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Comment, Jan/Feb 2015
Gideon Rose

Entrepreneurs drive innovation and dynamism, which in turn drive growth. So our lead package explores entrepreneurialism today—what it involves, what it accomplishes, and what can be done to spur and profit from it.

Interview, Jan/Feb 2015
Jeff Bezos

Jeff Bezos, founder of Amazon, talks to Foreign Affairs about American competitiveness, creative disruption, and why he runs into the office every morning.

Interview, Jan/Feb 2015
Michael Moritz

Venture capitalist Michael Moritz talks to Foreign Affairs about predicting success, investing globally, and why Google’s original business model was a failure.

Interview, Jan/Feb 2015
Niklas Zennstrom

Niklas Zennstrom, founder of Skype, talks to Foreign Affairs about the sharing economy, why start-ups are thriving in Europe, and how technology can address climate change.

Review Essay, Jan/Feb 2015
James Surowiecki

In recent decades, most innovation has come from a single sector (information technology) and a single place (Silicon Valley). Walter Isaacson’s The Innovators and Peter Thiel’s Zero to One shed light on how that happened and what drives innovation more generally.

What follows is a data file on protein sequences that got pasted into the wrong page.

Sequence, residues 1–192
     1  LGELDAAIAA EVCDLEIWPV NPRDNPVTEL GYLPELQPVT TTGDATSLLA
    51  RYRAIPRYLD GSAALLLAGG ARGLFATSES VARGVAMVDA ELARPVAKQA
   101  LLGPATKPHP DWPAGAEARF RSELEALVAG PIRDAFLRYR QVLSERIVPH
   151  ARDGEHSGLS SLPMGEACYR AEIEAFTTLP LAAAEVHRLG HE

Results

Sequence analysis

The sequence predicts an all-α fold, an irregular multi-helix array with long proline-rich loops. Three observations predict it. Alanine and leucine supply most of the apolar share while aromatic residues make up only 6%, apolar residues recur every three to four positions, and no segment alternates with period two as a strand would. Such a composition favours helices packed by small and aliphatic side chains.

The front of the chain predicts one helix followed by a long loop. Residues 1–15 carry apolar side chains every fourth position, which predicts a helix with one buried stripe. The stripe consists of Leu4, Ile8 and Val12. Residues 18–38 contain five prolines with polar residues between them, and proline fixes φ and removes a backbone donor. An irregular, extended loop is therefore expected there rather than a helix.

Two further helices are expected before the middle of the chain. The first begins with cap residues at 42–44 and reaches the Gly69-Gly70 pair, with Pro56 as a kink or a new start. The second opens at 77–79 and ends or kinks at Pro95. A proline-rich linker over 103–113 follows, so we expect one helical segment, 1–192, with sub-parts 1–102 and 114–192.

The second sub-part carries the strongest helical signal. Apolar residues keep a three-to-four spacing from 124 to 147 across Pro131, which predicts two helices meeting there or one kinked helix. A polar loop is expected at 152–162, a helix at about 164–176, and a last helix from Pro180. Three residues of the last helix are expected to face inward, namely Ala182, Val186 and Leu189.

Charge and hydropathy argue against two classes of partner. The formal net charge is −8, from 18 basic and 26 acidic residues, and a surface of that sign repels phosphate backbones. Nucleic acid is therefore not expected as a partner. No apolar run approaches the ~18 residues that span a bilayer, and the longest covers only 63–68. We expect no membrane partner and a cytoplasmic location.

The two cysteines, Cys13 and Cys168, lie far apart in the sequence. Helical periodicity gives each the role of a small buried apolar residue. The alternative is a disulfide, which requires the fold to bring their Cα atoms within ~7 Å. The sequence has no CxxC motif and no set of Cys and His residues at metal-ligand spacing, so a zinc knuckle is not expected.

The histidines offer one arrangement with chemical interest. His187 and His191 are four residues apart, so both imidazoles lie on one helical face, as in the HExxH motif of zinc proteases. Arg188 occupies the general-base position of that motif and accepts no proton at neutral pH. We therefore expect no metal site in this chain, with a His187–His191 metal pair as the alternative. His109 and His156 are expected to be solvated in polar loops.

Snapshot,
Nimmi Gowrinathan

Most of the recent Senate report on the CIA’s use of torture after 9/11 is gruesomely detailed. But one thing is missing: the stories of the women who we know were in U.S. custody and may well have been subject to degrading treatment as well.

Snapshot,
Milosz Reterski

In defending its vital interests in the Arctic, the United States lacks a critical tool: mighty nuclear-powered icebreakers that would solidify its economic and strategic role in the region. Russia is surging ahead in this area, and the United States must catch up.   

Interview, Jan/Feb 2015
Marcelo Claure

Marcelo Claure, founder of BrightStar and CEO of Sprint, talks to Foreign Affairs about how to run a corporation like an entrepreneur and bringing soccer to the United States. 

Letter From,
Nathaniel Parish Flannery
The wave of antigovernment protests sweeping Mexico was set off by the disappearance and presumed deaths of 43 college students. But the real reasons for people's anger lie deeper.

Snapshot,
Ralph H. Espach

The Peña Nieto government seems to be facing its worst crisis yet, one likely to persist as police clash with a small minority of protestors who attack property, set fires, and throw Molotov cocktails. The breadth of the public outrage, however, is uncertain, and the movement has no clearly defined, practical demands.

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